The federal government has “$100 billion plus sitting there right now” for small businesses during the COVID-19 pandemic.
By Blake Carter
Many small Black-owned businesses had difficulties in securing loans and grants from the Small Business Administration’s (SBA) COVID-19 pandemic funds. One of many issues is that most Black-owned businesses are sole proprietors which do not have a finance department or strong relationships with banks.
“Ninety-six percent of Black businesses don’t have any employees,” said John Hope Bryant, founder of Operation Hope. “That means that they probably don’t have any infrastructure. They don’t have a business office. Their books and records are probably not tight. We’re good at busyness. Which is being the plumber, the electrician, or the graphic designer. But we’re not so good at the business management side.”
Bryant said that “there’s $100 billion plus sitting there right now” in the SBA’s COVID-19 pandemic fund.
“When was the last time that the federal government gave you money?” Bryant said. “Or anybody for that matter gave you $10,000, or $1,000? Go and get your money. Apply for these things. Most businesses, churches, and non-profits qualify for at least $10,000 in federal support in which in some cases you do not have to pay back. There’s no credit scores or nothing like that.”
Operation Hope is filling in the financial gaps for small businesses who do not have finance departments or business savvy executives.
“Operation Hope will become your business manager,” Bryant said. “Not only will we help you get your money through the CARES Act, through our Hope Inside coaches we’ll help you restructure your mortgage, modify your credit cards, re-negotiate your student loans, talk to your landlord.”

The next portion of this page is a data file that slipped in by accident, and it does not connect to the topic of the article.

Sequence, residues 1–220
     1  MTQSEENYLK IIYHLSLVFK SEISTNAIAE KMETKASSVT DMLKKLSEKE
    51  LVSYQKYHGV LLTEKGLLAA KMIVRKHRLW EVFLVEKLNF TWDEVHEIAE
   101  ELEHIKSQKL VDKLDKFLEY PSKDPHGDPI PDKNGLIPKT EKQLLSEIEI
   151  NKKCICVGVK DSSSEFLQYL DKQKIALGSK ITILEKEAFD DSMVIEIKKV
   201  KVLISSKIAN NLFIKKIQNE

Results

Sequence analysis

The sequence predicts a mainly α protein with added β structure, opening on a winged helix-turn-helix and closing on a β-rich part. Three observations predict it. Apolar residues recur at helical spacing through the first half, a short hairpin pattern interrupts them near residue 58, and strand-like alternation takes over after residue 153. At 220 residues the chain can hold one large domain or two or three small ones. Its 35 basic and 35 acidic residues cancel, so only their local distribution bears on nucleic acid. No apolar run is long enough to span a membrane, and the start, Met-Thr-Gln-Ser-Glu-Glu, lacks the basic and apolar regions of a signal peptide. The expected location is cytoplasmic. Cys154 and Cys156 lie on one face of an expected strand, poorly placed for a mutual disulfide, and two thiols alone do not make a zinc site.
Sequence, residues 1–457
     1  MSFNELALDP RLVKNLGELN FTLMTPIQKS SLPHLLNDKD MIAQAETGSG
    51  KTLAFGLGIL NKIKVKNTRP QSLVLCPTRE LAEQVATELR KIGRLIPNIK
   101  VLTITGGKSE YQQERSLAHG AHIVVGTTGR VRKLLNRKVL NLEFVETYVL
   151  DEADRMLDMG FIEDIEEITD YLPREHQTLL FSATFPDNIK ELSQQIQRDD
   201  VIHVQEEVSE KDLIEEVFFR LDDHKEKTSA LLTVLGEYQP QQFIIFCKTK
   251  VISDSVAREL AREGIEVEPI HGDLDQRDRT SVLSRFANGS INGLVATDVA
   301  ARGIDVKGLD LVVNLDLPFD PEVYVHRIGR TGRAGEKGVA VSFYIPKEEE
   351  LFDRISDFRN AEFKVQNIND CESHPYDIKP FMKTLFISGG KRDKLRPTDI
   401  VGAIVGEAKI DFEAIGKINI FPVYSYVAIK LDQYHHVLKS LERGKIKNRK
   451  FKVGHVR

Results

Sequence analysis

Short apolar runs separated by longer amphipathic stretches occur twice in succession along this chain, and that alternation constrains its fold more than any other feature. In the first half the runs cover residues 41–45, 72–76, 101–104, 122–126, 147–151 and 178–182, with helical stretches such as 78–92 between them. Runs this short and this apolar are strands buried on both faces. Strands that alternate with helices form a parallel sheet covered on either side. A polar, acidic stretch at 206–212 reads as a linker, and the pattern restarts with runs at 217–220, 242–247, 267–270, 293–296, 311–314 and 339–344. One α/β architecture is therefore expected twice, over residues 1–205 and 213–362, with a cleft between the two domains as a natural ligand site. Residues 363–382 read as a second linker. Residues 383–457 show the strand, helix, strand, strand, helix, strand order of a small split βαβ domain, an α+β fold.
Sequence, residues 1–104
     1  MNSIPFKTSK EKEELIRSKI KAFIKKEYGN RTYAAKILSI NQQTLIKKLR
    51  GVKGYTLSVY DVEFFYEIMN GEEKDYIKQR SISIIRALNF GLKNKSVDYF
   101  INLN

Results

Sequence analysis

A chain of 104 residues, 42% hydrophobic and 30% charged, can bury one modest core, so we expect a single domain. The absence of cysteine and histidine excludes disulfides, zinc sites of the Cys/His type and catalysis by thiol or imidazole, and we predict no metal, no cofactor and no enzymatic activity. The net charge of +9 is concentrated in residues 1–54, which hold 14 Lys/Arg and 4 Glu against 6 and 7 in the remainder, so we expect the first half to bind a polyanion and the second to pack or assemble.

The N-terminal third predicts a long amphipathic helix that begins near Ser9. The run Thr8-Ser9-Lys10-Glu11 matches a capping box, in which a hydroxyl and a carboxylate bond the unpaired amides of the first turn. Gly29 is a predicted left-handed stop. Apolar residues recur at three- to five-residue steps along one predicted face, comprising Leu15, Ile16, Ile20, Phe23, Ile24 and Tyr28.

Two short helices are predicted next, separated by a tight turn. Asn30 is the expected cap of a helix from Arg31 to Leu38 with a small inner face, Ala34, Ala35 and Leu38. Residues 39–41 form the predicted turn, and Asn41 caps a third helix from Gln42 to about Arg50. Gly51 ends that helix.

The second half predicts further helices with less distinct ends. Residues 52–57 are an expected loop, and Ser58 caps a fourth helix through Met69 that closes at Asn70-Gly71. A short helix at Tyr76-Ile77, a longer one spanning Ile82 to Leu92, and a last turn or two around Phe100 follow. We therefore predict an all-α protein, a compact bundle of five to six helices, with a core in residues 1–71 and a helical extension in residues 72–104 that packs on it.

Operation Hope is a non-profit organization that assists small businesses and entrepreneurs free of charge. Bryant is from South Los Angeles, and his parents owned residential apartments and a gas station on Normandie Avenue and Vernon Avenue. Unfortunately, his parents lost those properties because of poor management, which led him to become financially literate.
“My dad died dead broke even though he was a business owner for 54 years,” Bryant said. “He didn’t understand the lessons that I teach. My mother has since bought and sold several homes, and she’s is now financially independent with a credit score over 850. Everything that I teach people to do is based on mistakes that my family made.”
Operation Hope has helped local business owners. Ryan Taylor, who co-owns the cigar lounge Drobes Stogies in Inglewood, is a suit maker who benefited from business loans and advice that he received from Operation Hope.
“John kind of took me under his wing,” Taylor said.
Before opening the cigar lounge, Taylor was a suit maker who was trying to get his business off the ground. In the early 2000s, Operation Hope helped him secure a $10,000 loan. After repaying the loan, Operation Hope was able to help Taylor secure a $30,000 loan.
“Through their resources in banking, one of the banks took a risk on me,” Taylor said.
Taylor’s relationship with Bryant led to a feature on CNN, which ran nation wide.
“We blew up,” Taylor said. “We got so many calls. I opened up an office and we were rolling.”
For assistance with short-term COVID-19 and also long-term financing, contact Operation Hope at 888-388-HOPE and visit their website at www.operationhope.org.